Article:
Genesis Question VS Science


#1

Hi guys... heres my question. I know that Genesis can be taken not literally.. and I have done that in my interpretation of it for while. But.. this thought has come into my mind. Genesis order of events was as follows right?

Light was formed on DAY 1
Followed by the sky DAY 2
Earth and Vegetation DAY3
Greater and smaller light. Which I assume to be Sun and Moon DAY 4

So, my question is ... from science we know that the order is more like

1st Light,
2nd... Sun and moon (stars)....
3rd... Sky and
4th.... Earth and vegetation?

So... based on this... For those who believe that science and church teaching can be linked.. Can you tell me what u make of this?


#2

[quote="James1990, post:1, topic:326123"]
Hi guys... heres my question. I know that Genesis can be taken not literally.. and I have done that in my interpretation of it for while. But.. this thought has come into my mind. Genesis order of events was as follows right?

Light was formed on DAY 1
Followed by the sky DAY 2
Earth and Vegetation DAY3
Greater and smaller light. Which I assume to be Sun and Moon DAY 4

So, my question is ... from science we know that the order is more like

1st Light,
2nd... Sun and moon (stars)....
3rd... Sky and
4th.... Earth and vegetation?

So... based on this... For those who believe that science and church teaching can be linked.. Can you tell me what u make of this?

[/quote]

There are several ways of interpreting the days of Genesis in a way that is compatible with the Big Bang theory. Here are three of them:

1) “The framework interpretation.” Under this interpretation, the "days" are viewed as a symbolic way of expressing the doctrine that God created all things and gave them order and beauty. Under this interpretation, the author of Genesis used the first three days to show that God created three “domains” and the fourth, fifth, and sixth days to show that God created inhabitants for each of these domains.

[table="head"]First Triad | | | Second Triad
Day 1 | Day and night (1:3-5). | Sun for the day, moon and stars for the night (1:14). | Day 4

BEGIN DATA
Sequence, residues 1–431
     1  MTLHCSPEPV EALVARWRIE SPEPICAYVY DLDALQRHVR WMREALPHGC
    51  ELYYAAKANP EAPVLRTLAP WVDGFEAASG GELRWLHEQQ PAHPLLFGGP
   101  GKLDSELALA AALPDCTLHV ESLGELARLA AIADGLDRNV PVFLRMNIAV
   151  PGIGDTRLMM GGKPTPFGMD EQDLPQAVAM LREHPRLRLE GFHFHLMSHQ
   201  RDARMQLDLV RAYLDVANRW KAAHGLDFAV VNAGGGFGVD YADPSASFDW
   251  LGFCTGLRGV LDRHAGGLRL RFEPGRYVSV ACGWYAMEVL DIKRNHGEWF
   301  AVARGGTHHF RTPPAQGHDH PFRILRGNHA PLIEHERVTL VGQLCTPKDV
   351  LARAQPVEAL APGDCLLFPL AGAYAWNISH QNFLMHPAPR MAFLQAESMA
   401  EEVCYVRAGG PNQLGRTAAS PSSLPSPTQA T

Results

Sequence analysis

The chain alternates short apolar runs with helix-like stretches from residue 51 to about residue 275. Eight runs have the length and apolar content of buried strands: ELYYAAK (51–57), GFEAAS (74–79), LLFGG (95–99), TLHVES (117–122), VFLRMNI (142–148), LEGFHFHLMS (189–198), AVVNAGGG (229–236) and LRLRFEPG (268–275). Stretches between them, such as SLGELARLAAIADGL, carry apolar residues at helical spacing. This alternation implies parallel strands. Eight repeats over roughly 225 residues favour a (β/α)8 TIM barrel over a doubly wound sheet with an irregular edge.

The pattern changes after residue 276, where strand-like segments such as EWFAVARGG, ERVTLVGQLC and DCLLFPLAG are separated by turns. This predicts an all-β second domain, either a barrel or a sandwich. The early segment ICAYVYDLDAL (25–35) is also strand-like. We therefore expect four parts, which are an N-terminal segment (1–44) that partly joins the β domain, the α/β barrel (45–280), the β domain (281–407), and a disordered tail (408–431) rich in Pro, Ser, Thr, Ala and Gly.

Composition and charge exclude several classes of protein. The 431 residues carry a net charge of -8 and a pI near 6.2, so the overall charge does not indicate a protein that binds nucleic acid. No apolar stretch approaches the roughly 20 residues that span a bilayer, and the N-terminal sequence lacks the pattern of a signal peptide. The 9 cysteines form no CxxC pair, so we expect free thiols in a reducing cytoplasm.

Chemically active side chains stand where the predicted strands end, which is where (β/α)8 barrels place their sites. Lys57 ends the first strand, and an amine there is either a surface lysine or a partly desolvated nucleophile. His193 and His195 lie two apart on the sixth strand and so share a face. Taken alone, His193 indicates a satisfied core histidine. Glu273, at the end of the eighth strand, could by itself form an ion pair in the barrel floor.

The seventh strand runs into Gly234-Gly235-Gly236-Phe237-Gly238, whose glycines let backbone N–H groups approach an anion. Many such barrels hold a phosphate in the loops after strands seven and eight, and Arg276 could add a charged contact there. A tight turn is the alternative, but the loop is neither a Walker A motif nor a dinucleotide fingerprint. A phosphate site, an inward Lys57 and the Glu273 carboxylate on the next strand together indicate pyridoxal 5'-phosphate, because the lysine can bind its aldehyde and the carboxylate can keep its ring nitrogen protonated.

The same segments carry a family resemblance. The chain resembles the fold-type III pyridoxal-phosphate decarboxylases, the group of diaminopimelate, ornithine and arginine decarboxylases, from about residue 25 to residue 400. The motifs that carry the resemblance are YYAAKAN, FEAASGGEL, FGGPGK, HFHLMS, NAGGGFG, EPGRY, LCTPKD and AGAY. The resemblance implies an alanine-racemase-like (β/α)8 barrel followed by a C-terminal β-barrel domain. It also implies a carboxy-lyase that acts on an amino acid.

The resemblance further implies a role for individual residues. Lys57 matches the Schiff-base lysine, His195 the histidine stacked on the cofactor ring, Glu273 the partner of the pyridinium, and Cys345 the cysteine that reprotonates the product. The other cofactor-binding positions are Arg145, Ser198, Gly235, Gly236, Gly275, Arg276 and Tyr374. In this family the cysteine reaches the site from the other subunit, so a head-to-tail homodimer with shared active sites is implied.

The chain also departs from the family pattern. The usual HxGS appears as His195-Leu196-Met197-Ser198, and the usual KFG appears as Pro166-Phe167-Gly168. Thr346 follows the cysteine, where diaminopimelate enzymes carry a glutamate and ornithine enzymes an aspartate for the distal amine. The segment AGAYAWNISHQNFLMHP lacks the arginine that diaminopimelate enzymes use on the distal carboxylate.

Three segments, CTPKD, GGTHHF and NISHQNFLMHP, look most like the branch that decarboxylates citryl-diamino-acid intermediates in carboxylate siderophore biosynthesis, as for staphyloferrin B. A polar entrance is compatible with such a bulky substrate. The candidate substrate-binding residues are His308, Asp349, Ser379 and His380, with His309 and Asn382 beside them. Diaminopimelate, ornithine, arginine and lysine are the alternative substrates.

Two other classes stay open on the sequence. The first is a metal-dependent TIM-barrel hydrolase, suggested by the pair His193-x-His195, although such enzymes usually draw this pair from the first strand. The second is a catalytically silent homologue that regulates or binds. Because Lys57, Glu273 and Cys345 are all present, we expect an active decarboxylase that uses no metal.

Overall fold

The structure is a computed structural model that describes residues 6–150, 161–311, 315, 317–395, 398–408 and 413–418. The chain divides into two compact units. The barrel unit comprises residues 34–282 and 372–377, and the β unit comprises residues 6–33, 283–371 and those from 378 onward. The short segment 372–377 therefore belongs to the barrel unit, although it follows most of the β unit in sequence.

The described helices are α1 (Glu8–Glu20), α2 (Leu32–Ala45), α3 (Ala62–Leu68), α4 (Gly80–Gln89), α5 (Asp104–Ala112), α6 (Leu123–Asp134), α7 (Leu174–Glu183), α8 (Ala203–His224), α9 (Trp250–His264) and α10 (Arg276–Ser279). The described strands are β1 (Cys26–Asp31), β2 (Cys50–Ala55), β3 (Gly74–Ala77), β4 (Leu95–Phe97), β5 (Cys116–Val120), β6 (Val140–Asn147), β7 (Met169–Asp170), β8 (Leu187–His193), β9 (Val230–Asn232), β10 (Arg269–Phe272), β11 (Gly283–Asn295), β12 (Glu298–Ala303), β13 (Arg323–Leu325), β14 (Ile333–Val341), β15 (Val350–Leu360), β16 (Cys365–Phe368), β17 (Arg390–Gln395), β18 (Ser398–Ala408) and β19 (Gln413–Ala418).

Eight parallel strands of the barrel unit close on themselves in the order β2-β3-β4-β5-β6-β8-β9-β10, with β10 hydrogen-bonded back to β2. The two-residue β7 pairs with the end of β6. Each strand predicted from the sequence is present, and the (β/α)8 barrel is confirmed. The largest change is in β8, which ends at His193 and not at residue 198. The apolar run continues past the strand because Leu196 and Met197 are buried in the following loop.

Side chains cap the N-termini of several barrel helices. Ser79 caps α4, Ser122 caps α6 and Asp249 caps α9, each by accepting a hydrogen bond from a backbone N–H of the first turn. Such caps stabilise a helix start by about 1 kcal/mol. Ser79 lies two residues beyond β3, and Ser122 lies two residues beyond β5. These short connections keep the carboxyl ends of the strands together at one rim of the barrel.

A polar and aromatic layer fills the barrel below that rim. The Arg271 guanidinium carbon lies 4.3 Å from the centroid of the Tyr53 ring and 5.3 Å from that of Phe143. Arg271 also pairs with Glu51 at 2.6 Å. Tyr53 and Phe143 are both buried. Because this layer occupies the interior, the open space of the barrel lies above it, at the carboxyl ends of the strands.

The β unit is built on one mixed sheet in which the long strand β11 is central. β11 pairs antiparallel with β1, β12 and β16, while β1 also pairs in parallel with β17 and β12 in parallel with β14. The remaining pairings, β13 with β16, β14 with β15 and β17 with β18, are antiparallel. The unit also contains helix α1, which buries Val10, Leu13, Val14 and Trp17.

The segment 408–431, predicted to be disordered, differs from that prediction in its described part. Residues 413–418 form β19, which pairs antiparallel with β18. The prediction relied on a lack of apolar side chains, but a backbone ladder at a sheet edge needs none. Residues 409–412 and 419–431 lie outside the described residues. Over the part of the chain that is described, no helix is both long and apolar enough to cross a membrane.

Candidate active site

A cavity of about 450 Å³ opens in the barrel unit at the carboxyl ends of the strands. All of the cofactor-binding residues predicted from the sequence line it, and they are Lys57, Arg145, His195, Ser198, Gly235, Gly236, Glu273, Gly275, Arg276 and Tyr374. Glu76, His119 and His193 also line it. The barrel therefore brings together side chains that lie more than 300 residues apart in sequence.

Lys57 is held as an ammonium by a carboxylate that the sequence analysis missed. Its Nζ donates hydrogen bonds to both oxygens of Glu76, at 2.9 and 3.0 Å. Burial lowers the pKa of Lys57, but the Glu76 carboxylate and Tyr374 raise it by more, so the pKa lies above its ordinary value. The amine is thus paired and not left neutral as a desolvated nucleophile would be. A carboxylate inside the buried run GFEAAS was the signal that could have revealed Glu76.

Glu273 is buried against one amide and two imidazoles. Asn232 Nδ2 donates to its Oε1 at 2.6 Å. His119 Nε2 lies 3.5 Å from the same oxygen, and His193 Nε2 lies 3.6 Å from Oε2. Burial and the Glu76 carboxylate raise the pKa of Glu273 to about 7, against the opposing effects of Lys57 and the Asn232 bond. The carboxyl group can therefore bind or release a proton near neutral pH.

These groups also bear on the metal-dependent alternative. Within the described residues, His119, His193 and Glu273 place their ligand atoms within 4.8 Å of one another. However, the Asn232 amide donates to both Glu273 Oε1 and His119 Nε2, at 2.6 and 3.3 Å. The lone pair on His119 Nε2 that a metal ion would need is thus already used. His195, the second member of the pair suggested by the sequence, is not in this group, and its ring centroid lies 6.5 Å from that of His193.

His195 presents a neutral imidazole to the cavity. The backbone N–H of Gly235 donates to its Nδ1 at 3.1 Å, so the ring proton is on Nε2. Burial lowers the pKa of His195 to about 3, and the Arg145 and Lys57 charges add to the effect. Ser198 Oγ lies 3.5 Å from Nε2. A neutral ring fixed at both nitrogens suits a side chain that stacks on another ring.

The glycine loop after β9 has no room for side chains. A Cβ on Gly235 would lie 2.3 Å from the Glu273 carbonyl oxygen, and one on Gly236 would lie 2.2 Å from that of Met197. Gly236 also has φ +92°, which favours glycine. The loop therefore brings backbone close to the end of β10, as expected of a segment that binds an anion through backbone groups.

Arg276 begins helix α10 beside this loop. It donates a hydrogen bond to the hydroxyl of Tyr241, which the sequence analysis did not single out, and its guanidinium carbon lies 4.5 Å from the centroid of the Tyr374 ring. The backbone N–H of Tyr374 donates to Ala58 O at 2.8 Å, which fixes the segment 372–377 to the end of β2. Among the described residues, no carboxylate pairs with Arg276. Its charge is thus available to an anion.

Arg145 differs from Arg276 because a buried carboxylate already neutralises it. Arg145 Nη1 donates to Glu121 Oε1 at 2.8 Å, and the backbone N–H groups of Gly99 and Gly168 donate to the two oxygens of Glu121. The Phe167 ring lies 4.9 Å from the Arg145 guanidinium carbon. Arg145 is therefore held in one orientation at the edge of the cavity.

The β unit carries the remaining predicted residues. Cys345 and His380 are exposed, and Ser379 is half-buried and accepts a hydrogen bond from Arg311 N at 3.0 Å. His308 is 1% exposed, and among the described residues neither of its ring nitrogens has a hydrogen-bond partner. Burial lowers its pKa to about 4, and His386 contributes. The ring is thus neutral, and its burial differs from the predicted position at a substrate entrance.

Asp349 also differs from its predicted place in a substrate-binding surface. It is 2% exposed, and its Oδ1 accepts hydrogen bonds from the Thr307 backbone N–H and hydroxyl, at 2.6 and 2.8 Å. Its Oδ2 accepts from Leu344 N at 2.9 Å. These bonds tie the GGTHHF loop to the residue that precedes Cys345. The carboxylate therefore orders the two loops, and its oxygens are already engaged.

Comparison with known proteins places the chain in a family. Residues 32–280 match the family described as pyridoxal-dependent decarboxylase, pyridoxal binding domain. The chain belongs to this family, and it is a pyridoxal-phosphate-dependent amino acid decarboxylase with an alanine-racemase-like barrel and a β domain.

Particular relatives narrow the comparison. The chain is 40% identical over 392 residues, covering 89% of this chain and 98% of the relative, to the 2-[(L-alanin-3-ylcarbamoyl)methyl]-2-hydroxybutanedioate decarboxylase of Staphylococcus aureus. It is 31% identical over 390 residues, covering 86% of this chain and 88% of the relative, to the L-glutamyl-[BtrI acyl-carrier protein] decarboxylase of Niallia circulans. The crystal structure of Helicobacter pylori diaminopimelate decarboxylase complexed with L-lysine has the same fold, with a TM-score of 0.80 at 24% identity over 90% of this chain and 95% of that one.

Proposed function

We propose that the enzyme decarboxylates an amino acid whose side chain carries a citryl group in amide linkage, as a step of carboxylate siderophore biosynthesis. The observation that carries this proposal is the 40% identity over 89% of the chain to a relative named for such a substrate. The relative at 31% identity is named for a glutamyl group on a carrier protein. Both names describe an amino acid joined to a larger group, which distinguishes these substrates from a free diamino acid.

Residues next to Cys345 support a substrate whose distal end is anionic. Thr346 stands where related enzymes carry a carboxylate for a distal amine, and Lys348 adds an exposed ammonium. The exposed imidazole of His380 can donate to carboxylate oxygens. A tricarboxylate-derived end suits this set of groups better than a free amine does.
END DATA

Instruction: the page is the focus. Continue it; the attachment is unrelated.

Day 2 | The sky and the sea (1:7-8). | Birds for the sky and fish for the sea (1:20). | Day 5
Day 3 | Dry land (1:9) and vegetation (1:11) | Beasts and men to walk on the land (1:25-26) and eat the vegetation (1:29-30) | Day 6
[/table]

From this perspective, the “days” aren’t the focus but the arrangement of the domains to their inhabitants, and the days only serve as an image to help us see order in this. It’s not the daily sequence that we should focus on so much as the part of creation spoken of under each day, so that we see that they are made to complement and complete each other. If the author intended the days and the sequence to be symbolic, to serve the purpose of pointing to the orderliness in each thing being created for its respective domain, then there is nothing in this text that is incompatible with the Big Bang theory.

2) “The day-age hypothesis.” Under this interpretation, the “days” of Genesis 1 are meant to refer to “ages” of indefinite lengths, and they include each other with significant overlap. Its supporters note that Genesis 1:14-18 says that the stars, sun and moon were created on day four, "to separate the light from the darkness," yet it was on day one that God "separated the light from the darkness" -- Genesis 1:4-5. Thus the “day-ages” overlapped each other significantly, they say. If Genesis 1 allows for long ages of formation and overlap in the sequence of formation, then there is nothing in it that is incompatible with the Big Bang theory.

3) “Advanced-earth creationism.” Advanced-earth creationists see the creation of the world and interpret it literally, but say that it included a built-in degree of advancement, so that it appears to be older than it is. Geological strata, fossils of prehistoric animals, and starlight that is billions of years old all came as part of the package, they say, so that man could investigate the earth and make discoveries that would prove beneficial in the scientific age. Advanced-earth creationists note that the plants created in Gen. 1:11-12 were already advanced in form, with the seeds of the next generation already prepared for planting. The rest of the world, they say, was like that: it came with age built-in, and that is what science discovers in its experiments.

Although the Big Bang theory is not incompatible with the Book of Genesis, it is not necessary for a Catholic to believe in the Big Bang. A Catholic who is a young-earth creationist should be prepared to explain why he believes the scientific evidence has been misinterpreted by those who believe in billions of years, and thus he should have a finely-developed understanding of the issues. But for those who do not see the wisdom of challenging the scientists on the issues of cosmology and astronomy, it is perfectly fine to interpret Genesis 1 in a way that leaves room in the doctrine of creation for modern scientific discoveries.

Anyway I hope that helps. God bless!


#3

Remember, light is both invisible and visible.


#4

3) “Advanced-earth creationism.” Advanced-earth creationists see the creation of the world and interpret it literally, but say that it included a built-in degree of advancement, so that it appears to be older than it is. Geological strata, fossils of prehistoric animals, and starlight that is billions of years old all came as part of the package, they say, so that man could investigate the earth and make discoveries that would prove beneficial in the scientific age. Advanced-earth creationists note that the plants created in Gen. 1:11-12 were already advanced in form, with the seeds of the next generation already prepared for planting. The rest of the world, they say, was like that: it came with age built-in, and that is what science discovers in its experiments.